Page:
20 May 06

Drotrecogin plus heparin efficacious for adults with severe sepsis

Posted in rhAPC, Sepsis, Venous thromboembolism at 11:39 by Laci

Sepsis Late-Breaker: the EVBR Study

By Derek Angus, Frank Booth, Michael Matthay, Marcel Levi

SCCM 35th Critical Care Congress: Sepsis Late-Breaker. Presented Jan. 11, 2006. San Francisco

The Xigris and Prophylactic Heparin in Severe Sepsis (XPRESS) study was a phase 4 trial mandated by the FDA after subanalysis of the Recombinant Human Activated Protein C Worldwide Evaluation in Severe Sepsis (PROWESS) trial suggested that heparin reduced the efficacy of drotrecogin.
The landmark PROWESS trial showed a significant decrease in mortality in severe sepsis with drotrecogin.

XPRESS was a multicenter, international study of approximately 1900 patients with severe sepsis who were receiving drotrecogin and at high risk for death. Patients were randomized to 1 of 3 treatment groups: mechanical thromboprophylaxis, unfractionated heparin, or low-molecular-weight heparin (enoxaparin) given in standard doses during the 96-hour drotrecogin infusion period.

Principal investigator Mitchell Levy, MD, FCCM, professor of medicine and director of the medical intensive care unit at Brown University in Providence, Rhode Island, delivered the findings. The primary end point was 28-day all-cause mortality. Secondary end points were any thrombotic event and safety and efficacy of the drug combination.

Twenty-eight-day mortality was unchanged in the 2 groups. Neither was the incidence of thrombotic events significantly different between the 2 groups, (drotrecogin plus heparin, 4.6% vs 5.1% in the control group. This was true both during the 96-hour infusion period and after 28 days of follow-up.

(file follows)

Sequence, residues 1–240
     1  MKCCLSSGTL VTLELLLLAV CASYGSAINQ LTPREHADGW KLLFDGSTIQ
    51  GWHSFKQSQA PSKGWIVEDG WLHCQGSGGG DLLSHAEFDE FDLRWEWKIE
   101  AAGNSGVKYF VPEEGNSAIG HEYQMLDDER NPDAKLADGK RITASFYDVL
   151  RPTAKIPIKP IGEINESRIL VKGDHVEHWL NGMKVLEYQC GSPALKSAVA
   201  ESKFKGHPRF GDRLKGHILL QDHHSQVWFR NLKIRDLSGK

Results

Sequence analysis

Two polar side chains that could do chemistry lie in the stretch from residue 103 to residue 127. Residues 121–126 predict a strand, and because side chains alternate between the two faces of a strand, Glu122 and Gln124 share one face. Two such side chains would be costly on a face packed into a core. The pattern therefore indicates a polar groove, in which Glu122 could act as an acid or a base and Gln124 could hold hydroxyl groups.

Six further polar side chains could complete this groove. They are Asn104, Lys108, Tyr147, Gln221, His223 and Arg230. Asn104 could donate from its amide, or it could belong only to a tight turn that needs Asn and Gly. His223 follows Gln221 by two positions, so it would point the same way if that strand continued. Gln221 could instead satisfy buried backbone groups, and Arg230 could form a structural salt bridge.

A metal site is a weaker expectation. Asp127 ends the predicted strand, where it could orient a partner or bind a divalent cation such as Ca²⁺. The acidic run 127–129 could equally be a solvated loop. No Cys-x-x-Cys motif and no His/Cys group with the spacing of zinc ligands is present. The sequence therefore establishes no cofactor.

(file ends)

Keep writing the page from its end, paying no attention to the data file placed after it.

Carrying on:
The primary end point of efficacy was similar between study and control groups of the study, with an absolute mortality rate of 31% across treatment groups after 28 days of follow-up. “In this high-risk group, that mortality rate is quite good,” Dr. Levy asserted.

“We are unable to conclude from this study whether drotrecogin plus heparin is any better than drotrecogin alone,” Dr. Levy noted. “This study was not designed to show that. What we can say is that physicians can safely add heparin without fear of a loss of efficacy with drotrecogin” in patients at high risk of deep vein thrombosis. Estimates show that approximately 85% to 90% of patients in intensive care units receive prophylactic heparin.
Because of the severity of their illness — often on mechanical ventilation and immobile — patients in this subgroup are also given heparin for thromboprophylaxis. “Heparin should be used in high-risk patients and PROWESS supports that,” Dr. Ely asserted.

Mark William, MD, associate medical director of the Xigris Product Team at Eli Lilly, told Mescape that “we can now reject the FDA hypothesis that adding heparin to [drotrecogin] reduces its efficacy…. What we found, though, was that if a patient was on heparin at the time [drotrecogin] was initiated, it was important for the patient to stay on it. Mortality was higher if heparin was stopped and restarted after [drotrecogin] was begun.”

Dr. Williams added that the combination of the 2 drugs did not result in a higher incidence of serious adverse effects, including bleeding, although the incidence of minor bleeding was increased in patients receiving dual therapy.

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